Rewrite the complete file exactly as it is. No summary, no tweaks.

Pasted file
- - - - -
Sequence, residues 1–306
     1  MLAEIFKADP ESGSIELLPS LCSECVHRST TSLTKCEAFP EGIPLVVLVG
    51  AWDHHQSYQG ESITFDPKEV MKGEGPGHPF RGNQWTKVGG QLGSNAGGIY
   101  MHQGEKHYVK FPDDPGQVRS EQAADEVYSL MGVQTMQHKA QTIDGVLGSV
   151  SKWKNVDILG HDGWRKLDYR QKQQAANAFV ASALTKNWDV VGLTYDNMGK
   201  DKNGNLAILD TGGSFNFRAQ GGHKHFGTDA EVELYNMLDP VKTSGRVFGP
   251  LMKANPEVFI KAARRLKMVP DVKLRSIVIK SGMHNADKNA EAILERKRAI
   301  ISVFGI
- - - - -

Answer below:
Sequence, residues 1–306
     1  MLAEIFKADP ESGSIELLPS LCSECVHRST TSLTKCEAFP EGIPLVVLVG
    51  AWDHHQSYQG ESITFDPKEV MKGEGPGHPF RGNQWTKVGG QLGSNAGGIY
   101  MHQGEKHYVK FPDDPGQVRS EQAADEVYSL MGVQTMQHKA QTIDGVLGSV
   151  SKWKNVDILG HDGWRKLDYR QKQQAANAFV ASALTKNWDV VGLTYDNMGK
   201  DKNGNLAILD TGGSFNFRAQ GGHKHFGTDA EVELYNMLDP VKTSGRVFGP
   251  LMKANPEVFI KAARRLKMVP DVKLRSIVIK SGMHNADKNA EAILERKRAI
   301  ISVFGI